Elisabeth Schüssler Fiorenza

Elisabeth Schüssler Fiorenza is a Romanian-born German, Roman Catholic feminist theologian, who is currently the Krister Stendahl Professor of Divinity at Harvard Divinity School.


She was born Elisabeth Schüssler on 17 April 1938 in Cenad, in the Banat region of the Kingdom of Romania, where she belonged to the Banat Swabian German-speaking Catholic population of an ethnically mixed community. As the Russian army advanced through Romania in late 1944, her parents fled with her to southern Germany. They subsequently moved to Frankfurt. where she attended local schools. She then received her Theologicum from the University of Würzburg in 1963, her thesis published in German as Der vergessene Partner in 1964. She subsequently earned the degree of Doctor of Theology from the University of Münster. In 1967 she married Francis Schüssler Fiorenza, an American theologian who was studying in Germany. In 1970, they both secured teaching appointments at the Catholic University of Notre Dame, where they had their daughter, Christina. She then taught at the Episcopal Divinity School in Cambridge, Massachusetts.
In 1984 Schüssler Fiorenza was one of 97 theologians and religious persons who signed A Catholic Statement on Pluralism and Abortion, calling for religious pluralism and discussion within the Catholic Church regarding the church's position on abortion. In 1995 Schüssler Fiorenza received an honorary doctorate from the Faculty of Theology at Uppsala University.
Schüssler Fiorenza identifies as Catholic and her work is generally in the context of Christianity, although much of her work has broader applicability.


Schüssler Fiorenza subsequently became a co-founder of the Journal of Feminist Studies in Religion. She was then appointed as the first Krister Stendahl Professor of Divinity at Harvard Divinity School. Her husband, Francis Schüssler Fiorenza, is Professor of Roman Catholic Studies at the same institution.
Schüssler Fiorenza is a co-editor of Concilium. She was the first woman elected as president of the Society of Biblical Literature and she was elected to the American Academy of Arts and Sciences in 2001.
In Memory of Her: A Feminist Theological Reconstruction of Christian Origins is one of Schüssler Fiorenza's earliest and best-known books. This work, which argued for the retrieval of the overlooked contributions of women in the early Christian church, set a high standard for historical rigor in feminist theology. Additionally, she has published widely in journals and anthologies.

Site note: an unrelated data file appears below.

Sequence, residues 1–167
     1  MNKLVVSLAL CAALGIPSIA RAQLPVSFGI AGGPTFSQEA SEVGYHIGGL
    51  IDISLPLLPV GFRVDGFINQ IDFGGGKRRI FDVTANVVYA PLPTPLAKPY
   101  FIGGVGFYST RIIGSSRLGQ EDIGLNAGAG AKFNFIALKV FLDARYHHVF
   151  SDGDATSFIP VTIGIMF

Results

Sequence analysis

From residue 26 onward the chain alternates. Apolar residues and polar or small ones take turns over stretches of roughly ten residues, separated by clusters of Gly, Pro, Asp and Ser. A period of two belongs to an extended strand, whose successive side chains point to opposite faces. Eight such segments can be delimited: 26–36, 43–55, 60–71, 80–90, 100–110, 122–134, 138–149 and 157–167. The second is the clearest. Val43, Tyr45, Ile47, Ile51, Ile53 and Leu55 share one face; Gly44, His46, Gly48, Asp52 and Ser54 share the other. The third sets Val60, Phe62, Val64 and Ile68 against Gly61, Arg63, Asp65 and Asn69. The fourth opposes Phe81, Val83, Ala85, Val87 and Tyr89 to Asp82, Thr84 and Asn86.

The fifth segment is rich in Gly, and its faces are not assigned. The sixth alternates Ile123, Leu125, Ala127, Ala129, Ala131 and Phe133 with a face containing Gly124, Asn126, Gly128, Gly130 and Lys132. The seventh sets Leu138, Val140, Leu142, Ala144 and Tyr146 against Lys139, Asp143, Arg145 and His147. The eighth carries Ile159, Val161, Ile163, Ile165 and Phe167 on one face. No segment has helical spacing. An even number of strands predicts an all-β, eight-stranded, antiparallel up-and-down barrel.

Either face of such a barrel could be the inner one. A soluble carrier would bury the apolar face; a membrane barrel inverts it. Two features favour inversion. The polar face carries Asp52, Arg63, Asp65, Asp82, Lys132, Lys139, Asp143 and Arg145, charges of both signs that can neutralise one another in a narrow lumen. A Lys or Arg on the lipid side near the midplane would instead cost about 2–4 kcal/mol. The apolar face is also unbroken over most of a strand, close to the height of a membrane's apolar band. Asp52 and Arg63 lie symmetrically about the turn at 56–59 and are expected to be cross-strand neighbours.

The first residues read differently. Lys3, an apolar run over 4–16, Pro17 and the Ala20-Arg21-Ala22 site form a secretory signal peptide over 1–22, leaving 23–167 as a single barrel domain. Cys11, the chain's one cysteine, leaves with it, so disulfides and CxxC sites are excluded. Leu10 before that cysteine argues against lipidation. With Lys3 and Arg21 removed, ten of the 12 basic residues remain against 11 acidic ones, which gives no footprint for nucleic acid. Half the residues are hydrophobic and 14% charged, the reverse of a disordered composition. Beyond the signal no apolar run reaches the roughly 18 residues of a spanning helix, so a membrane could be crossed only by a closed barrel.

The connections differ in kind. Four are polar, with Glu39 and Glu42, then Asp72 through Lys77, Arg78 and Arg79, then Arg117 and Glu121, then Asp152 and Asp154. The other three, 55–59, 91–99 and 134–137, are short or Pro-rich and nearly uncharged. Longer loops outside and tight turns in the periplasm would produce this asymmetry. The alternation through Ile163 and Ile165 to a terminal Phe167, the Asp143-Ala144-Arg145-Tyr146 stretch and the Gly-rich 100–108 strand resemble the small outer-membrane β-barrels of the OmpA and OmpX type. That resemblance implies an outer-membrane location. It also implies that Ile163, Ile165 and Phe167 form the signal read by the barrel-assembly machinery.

Schüssler Fiorenza has been credited for coining the word kyriarchy in her book But She Said: Feminist Practices of Biblical Interpretation.

''In Memory of Her'' and Paul the Apostle

In the reconstruction of early Christianity in In Memory of Her, Schüssler Fiorenza discusses Saint Paul at great length. She explores his epistles as well as the narrative of his ministry in the Acts of the Apostles. Some see the relationship between Paul the Apostle and women as misogynistic, pointing to controversial passages about women's subordination, their necessary silence in church, and more. Schüssler Fiorenza rejects this notion and delves deeper into the stories to find the true Paul and his relationship with women.
She discusses the many encounters Paul has with women throughout the canon and in apocryphal works, noting that throughout, Paul saw the women as equals both as people and in ministry. Particular attention is spent on the Acts of Paul and Thecla, a story that, despite having Paul's name in the title, is primarily about the holiness and ministry of his extraordinary female companion.
To home in on the source of this reconstruction of gender equality, Schüssler Fiorenza turns to one of Paul's core theological verses, : "There is no longer Jew or Greek, there is no longer slave or free, there is no longer male and female; for all of you are one in Christ Jesus." Schüssler Fiorenza sees this statement as "a key expression… of the theological self-understanding of the Christian missionary movement which had far-reaching historical impact." It also combatted the Gnostic understanding that "becoming a disciple means for a woman becoming ‘male,’ ‘like man,’ and relinquishing her sexual powers of procreation, because the male principle stands for the heavenly, angelic, divine realm, whereas the female principle represents either human weakness or evil." In Paul's Christian communities, women did not have to become like men to be holier; they simply had to follow Christ. From Schüssler Fiorenza's perspective, this declaration in Galatians is a confirmation of the legitimacy of, among other marginalized populations, women in ministry.
She also discusses the household codes found in and, as well as what can be pieced together from Ephesians. She asserts that the households and the "church" housed in them would have originally been spaces of gender equality but as Christianity grew and faced increased pressures to conform to the Greco-Roman culture, sexism would have started to creep in. Coequal roles in ministry, like the early office of bishop, were considered to be "socially volatile ." This, combined with a desire to take church power out of the hands of wealthy women, led to the introduction of patriarchy to the Pauline church.
While the oft-quoted misogynistic restrictions and verses were a part of Paul's epistles in some form, Schüssler Fiorenza insists that they existed to help ease tensions between the fledgling church and the surrounding culture, as well as ward off the perception of being a cult. However, post-Pauline and pseudo-Pauline communities “ out these restrictions in order to change the equality in Christ between women and men… into a relationship of subordination.”

Published works